Midway through the first quarter of last week's Alabama-West Virginia game in the Chick-fil-A Kickoff Classic, redshirt sophomore kicker Adam Griffith accounted for the first points of the Crimson Tide's season with a 47-yard field goal.
It was Griffith's first field goal in the Georgia Dome since his 32-yarder catapulted Calhoun High School to a 27-24 overtime triumph over nemesis Buford for the 2011 Georgia Class AA state championship, and he insists the one three years ago was a breeze by comparison. Calhoun had not won a state crown since 1952, and Buford had rallied from a 24-10 deficit in the final 90 seconds of regulation, but he said he felt fine about that moment.
"I had started all four years in high school, so I was more comfortable then and didn't have the nerves," Griffith said this week by phone. "This is my first year starting [as a collegian], and I was nervous all last week leading up to the game. When I first lined up and took my steps back, my legs were shaking, and I just told myself to watch the ball. Once I kicked it, I didn't feel the nerves anymore. I knew I was going to make the next one, and if I had to kick another one, I knew I would make that, too.
"That first one is always the hardest, and I had no idea I could get that nervous before a game. Plus, this kick was a lot farther."
Griffith wound up making 47-, 41-, 27- and 45-yard field goals in his starting debut, propelling Alabama to a 33-23 victory. He was the only kicker nationally to make three field goals of longer than 40 yards last weekend, and he's the first to make three such kicks in a game for the Crimson Tide since Michael Proctor in 1993.
His 41-yarder was on the final play of the first half, giving Alabama a 20-17 lead and easing the sting of Mario Alford's 100-yard kickoff return for the Mountaineers moments earlier. The 45-yarder took place with 8:07 remaining and accounted for the final points of the closer-than-expected contest.
The Southeastern Conference named Griffith as its special teams player of the week, and he was among the three Lou Groza Award stars of the week.
"We've always had a lot of confidence in Griff," Alabama coach Nick Saban said after the game. "There were times last year where we thought about him being the kicker, but we've always had confidence in him. When we recruited him, he was a sophomore in our camp, and he was as good a kicker as we've ever had at our camp in terms of his accuracy and the combination of explosion and the ball getting off quick.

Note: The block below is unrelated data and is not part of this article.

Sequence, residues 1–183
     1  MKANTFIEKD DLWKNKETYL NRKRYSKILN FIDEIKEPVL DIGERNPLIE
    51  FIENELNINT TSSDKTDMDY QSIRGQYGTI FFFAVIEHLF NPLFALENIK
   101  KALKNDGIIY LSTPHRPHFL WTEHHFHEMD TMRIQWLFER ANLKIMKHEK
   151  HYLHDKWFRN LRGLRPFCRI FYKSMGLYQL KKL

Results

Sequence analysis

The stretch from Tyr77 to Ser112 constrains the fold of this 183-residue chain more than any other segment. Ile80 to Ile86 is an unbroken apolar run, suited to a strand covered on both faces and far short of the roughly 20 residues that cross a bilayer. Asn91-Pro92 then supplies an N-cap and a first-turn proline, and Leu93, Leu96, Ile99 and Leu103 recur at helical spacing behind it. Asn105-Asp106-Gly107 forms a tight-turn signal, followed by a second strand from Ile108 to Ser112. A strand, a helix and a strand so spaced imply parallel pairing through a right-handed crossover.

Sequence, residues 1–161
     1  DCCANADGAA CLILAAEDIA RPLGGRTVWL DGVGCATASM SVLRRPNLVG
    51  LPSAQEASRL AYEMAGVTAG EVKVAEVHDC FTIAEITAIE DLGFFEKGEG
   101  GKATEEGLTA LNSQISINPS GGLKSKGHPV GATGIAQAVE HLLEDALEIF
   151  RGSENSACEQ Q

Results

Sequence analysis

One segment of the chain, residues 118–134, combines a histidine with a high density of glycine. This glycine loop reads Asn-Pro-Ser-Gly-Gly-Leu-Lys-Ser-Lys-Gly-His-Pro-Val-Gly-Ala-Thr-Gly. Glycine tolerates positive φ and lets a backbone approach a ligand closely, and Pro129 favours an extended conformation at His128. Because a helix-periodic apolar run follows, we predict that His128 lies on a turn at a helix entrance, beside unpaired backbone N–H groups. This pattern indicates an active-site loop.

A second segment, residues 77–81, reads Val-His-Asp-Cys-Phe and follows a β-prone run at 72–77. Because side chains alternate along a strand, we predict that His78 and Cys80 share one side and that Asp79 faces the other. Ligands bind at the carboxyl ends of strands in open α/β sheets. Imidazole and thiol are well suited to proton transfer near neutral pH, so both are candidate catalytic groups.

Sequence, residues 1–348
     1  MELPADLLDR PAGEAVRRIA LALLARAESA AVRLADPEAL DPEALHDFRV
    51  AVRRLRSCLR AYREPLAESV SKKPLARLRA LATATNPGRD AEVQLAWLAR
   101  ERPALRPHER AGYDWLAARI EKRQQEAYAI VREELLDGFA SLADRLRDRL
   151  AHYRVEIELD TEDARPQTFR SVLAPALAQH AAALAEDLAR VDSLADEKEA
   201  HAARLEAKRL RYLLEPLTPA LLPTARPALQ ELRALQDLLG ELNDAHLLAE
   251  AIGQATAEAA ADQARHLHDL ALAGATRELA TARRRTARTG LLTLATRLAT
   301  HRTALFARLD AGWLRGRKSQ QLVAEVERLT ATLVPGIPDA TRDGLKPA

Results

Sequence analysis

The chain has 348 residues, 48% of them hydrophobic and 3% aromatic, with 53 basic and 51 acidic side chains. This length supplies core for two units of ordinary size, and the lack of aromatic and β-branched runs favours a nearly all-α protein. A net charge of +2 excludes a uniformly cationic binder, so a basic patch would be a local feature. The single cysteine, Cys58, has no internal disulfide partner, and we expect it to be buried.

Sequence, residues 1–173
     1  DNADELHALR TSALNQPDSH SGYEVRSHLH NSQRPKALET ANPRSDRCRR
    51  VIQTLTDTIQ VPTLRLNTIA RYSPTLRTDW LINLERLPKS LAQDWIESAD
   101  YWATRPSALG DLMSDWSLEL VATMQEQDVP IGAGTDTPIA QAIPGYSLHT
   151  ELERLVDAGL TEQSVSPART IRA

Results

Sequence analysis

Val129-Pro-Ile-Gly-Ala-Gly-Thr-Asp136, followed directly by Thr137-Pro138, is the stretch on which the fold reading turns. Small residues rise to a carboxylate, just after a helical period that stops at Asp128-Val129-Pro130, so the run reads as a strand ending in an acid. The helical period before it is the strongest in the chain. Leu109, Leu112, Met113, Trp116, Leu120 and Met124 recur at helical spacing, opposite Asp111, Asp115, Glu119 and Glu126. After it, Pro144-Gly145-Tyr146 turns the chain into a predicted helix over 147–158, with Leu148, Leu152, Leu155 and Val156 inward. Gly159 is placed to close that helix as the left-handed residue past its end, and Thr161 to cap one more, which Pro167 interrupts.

"It's good to see him have this kind of success, and we're excited about what he can do in the future."
Griffith, who was born in Poland, raised in an orphanage and came to the United States after being adopted at age 13, quickly found success at Calhoun and was Rivals.com's No. 2 kicker nationally in the 2012 signing class. Most of his family members went to Georgia, but Griffith was pursued much harder by Alabama than by the Bulldogs, who instead targeted Marshall Morgan out of Fort Lauderdale.
Morgan played right away in Athens following the graduation of Blair Walsh, but Griffith in 2012 had to wait behind Jeremy Shelley and Cade Foster. Shelley was a senior in 2012, but Foster returned last year and won the job, going 11-for-12 on field-goal attempts before unraveling against Auburn.
"I had a feeling I would get redshirted, because Shelley and Foster were ahead of me," Griffith said. "I was fine being redshirted, but last year I thought I was going to kick a lot more than I did. Sitting for two years was tough, and I was out of the game for so long that I forgot what it felt like kicking in front of all those people."
The 5-foot-10, 188-pounder did get a little taste last season, making all five extra-point tries and going 1-of-3 field-goal attempts. The one he made was from 20 yards against Tennessee, and one of his misses led to one of the most memorable plays in college football history.
With one second remaining in last season's Iron Bowl, Griffith came up short on a 57-yard attempt, which was returned by Chris Davis for a 100-yard score that produced a 34-28 upset for the Tigers.
"Obviously I wasn't ready for that kick," Griffith said. "I didn't have the experience for it, but I was happy that Coach Saban had that kind of faith in me to let me try it. I got under the ball -- I was nervous -- but I don't even think about that kick anymore. It doesn't bother me that they replay it a lot on TV, and it's honestly something I just don't think about."
The past is indeed the past, and Griffith also is moving on from last week's sizzling start to 2014.
"I'm happy that this first game went well, but it was just the first game," he said. "I'm still going to get nervous again, because I'm putting a lot of pressure on myself. I want to be perfect this year. If I miss one, I miss it, but I'm going to keep working to get better and better."
Contact David Paschall at email@example.com or 423-757-6524.
David Paschall is a sports writer for the Times Free Press. He started at the Chattanooga Free Press in 1990 and was part of the Times Free Press when the paper started in 1999. David covers University of Georgia football, as well as SEC football recruiting, SEC basketball, Chattanooga Lookouts baseball and other sports stories. He is a Chattanooga native and graduate of the Baylor School and Auburn University. David has received numerous honors for ...